LATE ONE EVENING at an industrial gas manufacturing facility, two intruders scaled the perimeter fence and got onto the property, taking care to shield their faces from a surveillance camera affixed to the fence line. Their concern was apparently being identified after the fact, not being caught in the act of trespassing or committing other crimes they might have been considering.
What they didn’t know was that hundreds of miles away, at the company’s corporate headquarters, officers in the security command center had been alerted when the plant’s new perimeter passive infrared and video motion detection systems were breached. The company notified local law enforcement, while continuing to monitor the intruders via the on-site cameras. The activity was also being recorded.
Not wishing to risk damage to or theft from the facility, command center personnel used a loudspeaker to let the intruders know that they had been detected and were being observed. Security advised them to leave the plant before law enforcement arrived. Alarmed at the disembodied voice, the intruders fled. They were subsequently identified and arrested by local police.
“It was a good example of how a security system is supposed to work,” says Bill Koch, global director of process safety integrity at Air Products and Chemicals, Inc. (Air Products), the company where the intrusion took place.
“The old concept of security at a chemical facility was guards, gates, and alarms,” he says. “Now we are using electronic technology to secure our sites with layers of protection that are proving extremely effective.”
Koch says that the electronic alarms and surveillance capabilities have made it possible for Air Products to eliminate theft of gas cylinders at its U.S. facilities, a problem before the systems were installed about three years ago.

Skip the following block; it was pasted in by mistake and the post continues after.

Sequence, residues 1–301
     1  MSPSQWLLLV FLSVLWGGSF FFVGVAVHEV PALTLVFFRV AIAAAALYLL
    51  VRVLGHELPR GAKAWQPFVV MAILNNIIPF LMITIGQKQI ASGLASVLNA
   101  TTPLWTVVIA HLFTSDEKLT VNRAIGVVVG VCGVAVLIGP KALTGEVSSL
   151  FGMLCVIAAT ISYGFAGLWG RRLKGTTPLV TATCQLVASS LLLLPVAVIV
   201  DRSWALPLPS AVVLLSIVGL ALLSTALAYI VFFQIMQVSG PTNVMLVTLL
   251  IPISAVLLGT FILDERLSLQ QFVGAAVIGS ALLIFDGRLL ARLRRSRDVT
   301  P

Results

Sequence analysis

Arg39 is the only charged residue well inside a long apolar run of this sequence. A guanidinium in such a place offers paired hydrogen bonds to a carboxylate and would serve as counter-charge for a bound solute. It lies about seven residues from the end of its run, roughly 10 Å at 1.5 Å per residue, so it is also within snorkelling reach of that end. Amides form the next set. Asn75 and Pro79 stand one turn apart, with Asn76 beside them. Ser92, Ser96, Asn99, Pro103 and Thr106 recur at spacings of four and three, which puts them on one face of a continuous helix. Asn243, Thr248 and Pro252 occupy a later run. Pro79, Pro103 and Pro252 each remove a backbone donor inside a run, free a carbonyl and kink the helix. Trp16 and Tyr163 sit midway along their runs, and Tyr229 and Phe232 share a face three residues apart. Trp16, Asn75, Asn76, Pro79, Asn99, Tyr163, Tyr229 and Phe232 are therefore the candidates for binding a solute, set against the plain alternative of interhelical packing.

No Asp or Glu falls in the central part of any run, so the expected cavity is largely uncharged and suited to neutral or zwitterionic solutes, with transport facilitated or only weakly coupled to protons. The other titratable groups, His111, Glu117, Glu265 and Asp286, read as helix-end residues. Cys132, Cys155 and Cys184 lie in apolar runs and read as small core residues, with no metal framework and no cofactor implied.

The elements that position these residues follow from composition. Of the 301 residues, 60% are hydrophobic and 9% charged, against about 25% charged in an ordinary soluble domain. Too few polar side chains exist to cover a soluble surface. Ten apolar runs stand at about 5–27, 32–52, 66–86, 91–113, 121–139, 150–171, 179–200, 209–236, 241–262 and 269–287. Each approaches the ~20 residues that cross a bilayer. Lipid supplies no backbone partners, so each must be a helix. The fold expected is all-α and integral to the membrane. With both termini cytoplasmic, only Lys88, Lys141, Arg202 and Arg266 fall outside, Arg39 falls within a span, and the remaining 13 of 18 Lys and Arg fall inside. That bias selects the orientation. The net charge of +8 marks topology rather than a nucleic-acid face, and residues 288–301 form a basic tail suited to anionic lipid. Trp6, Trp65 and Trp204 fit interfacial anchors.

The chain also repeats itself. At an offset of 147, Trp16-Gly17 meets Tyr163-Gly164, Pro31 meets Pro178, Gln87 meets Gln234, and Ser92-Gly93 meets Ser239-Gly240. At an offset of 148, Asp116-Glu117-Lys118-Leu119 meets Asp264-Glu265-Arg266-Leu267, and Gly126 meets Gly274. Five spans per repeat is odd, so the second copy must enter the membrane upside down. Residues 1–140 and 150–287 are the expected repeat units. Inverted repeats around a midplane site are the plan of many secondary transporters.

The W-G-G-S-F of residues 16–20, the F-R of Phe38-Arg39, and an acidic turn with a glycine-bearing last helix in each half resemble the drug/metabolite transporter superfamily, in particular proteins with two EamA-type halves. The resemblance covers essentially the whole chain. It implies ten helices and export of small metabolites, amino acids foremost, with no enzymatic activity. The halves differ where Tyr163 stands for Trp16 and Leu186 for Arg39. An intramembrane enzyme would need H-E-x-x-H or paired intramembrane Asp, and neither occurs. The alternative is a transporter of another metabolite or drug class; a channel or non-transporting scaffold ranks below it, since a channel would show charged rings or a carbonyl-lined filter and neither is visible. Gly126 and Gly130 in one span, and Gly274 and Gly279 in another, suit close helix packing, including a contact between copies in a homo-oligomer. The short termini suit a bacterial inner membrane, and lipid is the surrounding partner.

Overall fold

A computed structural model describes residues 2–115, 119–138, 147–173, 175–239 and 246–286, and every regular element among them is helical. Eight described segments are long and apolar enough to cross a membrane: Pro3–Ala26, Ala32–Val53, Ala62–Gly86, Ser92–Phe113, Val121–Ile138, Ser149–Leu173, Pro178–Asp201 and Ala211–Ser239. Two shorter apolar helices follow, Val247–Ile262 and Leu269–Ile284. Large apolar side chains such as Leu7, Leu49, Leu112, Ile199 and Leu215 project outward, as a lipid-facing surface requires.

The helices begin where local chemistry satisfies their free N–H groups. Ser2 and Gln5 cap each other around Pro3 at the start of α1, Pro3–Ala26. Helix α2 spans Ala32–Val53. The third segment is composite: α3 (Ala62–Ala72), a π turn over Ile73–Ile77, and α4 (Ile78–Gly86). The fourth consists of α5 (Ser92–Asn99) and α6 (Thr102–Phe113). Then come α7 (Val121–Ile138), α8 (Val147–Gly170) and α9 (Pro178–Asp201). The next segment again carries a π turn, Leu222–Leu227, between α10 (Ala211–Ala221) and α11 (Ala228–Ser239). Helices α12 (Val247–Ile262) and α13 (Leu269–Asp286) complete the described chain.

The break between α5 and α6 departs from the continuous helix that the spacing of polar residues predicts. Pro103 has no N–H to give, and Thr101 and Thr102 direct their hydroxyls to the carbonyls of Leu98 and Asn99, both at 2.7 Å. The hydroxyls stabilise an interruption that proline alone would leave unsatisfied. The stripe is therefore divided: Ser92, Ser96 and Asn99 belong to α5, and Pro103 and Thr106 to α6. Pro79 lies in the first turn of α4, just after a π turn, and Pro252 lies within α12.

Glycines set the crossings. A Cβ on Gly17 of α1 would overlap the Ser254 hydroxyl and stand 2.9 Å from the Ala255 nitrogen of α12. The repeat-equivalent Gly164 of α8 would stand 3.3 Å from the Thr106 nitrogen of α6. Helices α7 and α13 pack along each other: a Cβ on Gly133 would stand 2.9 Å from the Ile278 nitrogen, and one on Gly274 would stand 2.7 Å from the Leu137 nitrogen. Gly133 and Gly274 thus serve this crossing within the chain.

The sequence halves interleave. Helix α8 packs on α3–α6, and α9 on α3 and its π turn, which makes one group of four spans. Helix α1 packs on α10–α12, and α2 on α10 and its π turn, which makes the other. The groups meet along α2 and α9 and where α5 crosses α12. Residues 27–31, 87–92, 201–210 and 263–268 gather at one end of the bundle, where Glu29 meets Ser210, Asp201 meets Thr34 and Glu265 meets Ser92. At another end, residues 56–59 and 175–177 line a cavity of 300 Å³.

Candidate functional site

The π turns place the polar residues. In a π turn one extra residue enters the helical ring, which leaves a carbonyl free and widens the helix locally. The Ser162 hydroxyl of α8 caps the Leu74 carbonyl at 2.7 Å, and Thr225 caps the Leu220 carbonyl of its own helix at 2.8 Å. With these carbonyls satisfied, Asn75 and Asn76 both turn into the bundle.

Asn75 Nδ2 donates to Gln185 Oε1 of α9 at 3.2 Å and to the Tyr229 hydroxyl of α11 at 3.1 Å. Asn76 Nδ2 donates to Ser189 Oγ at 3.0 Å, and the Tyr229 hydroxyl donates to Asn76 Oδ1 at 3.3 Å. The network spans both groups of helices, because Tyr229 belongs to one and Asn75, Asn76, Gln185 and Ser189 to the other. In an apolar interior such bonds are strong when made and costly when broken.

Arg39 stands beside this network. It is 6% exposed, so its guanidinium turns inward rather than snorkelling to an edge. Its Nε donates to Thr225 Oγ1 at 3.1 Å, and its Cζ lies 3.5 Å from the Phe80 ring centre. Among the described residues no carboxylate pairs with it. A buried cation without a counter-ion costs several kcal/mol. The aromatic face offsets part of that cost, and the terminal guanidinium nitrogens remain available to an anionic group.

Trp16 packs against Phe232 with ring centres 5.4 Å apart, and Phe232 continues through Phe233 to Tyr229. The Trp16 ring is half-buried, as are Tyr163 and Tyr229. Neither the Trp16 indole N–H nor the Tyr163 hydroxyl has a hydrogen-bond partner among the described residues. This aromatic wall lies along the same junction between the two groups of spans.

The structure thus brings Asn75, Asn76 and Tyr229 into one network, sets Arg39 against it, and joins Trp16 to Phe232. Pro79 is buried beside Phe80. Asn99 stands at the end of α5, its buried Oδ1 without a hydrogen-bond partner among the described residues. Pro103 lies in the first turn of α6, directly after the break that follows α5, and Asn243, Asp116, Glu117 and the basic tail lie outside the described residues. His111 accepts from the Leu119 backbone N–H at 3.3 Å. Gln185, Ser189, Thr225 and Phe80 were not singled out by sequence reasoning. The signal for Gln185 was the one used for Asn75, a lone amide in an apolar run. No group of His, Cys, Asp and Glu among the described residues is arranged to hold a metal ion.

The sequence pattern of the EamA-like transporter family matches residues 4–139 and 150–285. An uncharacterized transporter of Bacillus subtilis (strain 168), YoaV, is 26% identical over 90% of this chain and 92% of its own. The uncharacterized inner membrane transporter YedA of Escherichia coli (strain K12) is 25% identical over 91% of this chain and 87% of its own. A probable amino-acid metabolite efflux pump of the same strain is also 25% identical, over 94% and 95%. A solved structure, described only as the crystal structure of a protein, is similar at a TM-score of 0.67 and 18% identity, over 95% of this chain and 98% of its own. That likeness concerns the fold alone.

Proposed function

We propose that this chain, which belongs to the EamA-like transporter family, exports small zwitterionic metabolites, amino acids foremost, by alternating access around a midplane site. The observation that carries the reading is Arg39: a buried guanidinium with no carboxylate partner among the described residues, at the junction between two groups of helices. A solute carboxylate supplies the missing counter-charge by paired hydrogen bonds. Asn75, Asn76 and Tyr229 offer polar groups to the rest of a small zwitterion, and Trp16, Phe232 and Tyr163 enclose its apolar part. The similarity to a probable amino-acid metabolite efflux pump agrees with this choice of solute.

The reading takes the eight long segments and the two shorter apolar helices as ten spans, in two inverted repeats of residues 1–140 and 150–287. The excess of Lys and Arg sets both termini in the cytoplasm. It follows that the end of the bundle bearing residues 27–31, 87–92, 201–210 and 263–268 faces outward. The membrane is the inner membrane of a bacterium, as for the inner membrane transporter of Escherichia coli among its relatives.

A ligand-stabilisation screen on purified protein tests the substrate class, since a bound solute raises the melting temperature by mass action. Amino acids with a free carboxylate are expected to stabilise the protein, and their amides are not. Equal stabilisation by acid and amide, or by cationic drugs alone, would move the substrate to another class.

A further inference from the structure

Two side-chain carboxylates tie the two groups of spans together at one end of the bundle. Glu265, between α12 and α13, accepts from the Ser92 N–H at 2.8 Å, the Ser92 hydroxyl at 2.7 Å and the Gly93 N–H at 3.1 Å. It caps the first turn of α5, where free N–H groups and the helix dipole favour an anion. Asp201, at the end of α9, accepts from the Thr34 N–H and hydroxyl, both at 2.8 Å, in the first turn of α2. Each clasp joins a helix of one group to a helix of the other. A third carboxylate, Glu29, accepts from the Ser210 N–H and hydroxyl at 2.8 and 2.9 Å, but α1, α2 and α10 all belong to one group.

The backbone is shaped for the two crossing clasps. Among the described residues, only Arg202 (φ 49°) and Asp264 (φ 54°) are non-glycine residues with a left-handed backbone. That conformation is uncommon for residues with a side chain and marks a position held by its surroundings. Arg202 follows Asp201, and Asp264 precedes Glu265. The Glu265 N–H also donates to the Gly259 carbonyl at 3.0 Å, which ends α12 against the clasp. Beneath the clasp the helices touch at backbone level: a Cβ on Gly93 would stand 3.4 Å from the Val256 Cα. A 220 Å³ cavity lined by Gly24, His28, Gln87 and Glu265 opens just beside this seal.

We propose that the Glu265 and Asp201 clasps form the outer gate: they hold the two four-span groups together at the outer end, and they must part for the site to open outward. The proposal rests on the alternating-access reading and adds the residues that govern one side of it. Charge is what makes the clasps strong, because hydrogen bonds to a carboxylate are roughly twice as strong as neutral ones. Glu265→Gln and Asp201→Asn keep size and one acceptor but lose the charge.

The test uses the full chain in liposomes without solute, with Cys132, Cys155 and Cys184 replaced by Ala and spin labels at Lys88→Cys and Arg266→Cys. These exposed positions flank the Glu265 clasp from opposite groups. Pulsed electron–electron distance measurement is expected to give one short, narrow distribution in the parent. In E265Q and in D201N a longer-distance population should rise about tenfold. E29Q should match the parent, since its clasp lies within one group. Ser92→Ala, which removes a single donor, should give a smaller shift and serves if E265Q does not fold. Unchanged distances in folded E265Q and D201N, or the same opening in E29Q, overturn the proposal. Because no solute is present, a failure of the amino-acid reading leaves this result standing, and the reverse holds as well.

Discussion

Air Products manufactures atmospheric gases, process and specialty gases, performance materials, and chemical intermediates. Its operations span approximately 650 manufacturing and storage facilities worldwide.
Recognizing the changing threat landscape after 9-11, management decided in 2002 that the company needed to build “a truly sustainable security culture,” explains Koch. To that end, top management issued directives to managers and all employees to regard security issues with the same level of importance as safety, which has always been a high priority at the company. At about this time, the American Chemistry Council adopted the Responsible Care Security Code (the code), containing 13 management practices to assist its members in assessing and strengthening their security programs. Air Products decided that it would use that code as its guide.
Koch, along with Larry Piotti, Air Products’ manager of corporate security, was assigned to implement the code. The duo assembled a global team that cut across departments and identified four functional areas where they believed potential vulnerabilities might exist: people, operations, transactions, and information technology.
Air Products has almost 20,000 workers taking nearly 12,000 international trips annually to 62 different countries. Clearly, the protection of personnel must be a major consideration.
In examining work force risks, the team determined that one vulnerability was in employee tracking. It took Air Products several days to account for all of its global employees after 9-11, for example.
The company addressed the problem by working with Rosenbluth Travel, and later American Express, to develop a worldwide employee-tracking system. It allows the company to locate and contact employees quickly in the event of an elevated terrorist threat or other emergency. Once contact has been made, the company can give the employee travel advisories or other security instructions for responding to the threat situation at hand.
The assessment also showed that better controls over who entered the property would reduce potential vulnerabilities that might be posed by contractors, customers, and neighbors living in areas where Air Products manufactures its products. To that end, Air Products has instituted a global ID card requirement for employees, contractors, and site visitors, and it has also reduced the number of contractors it uses.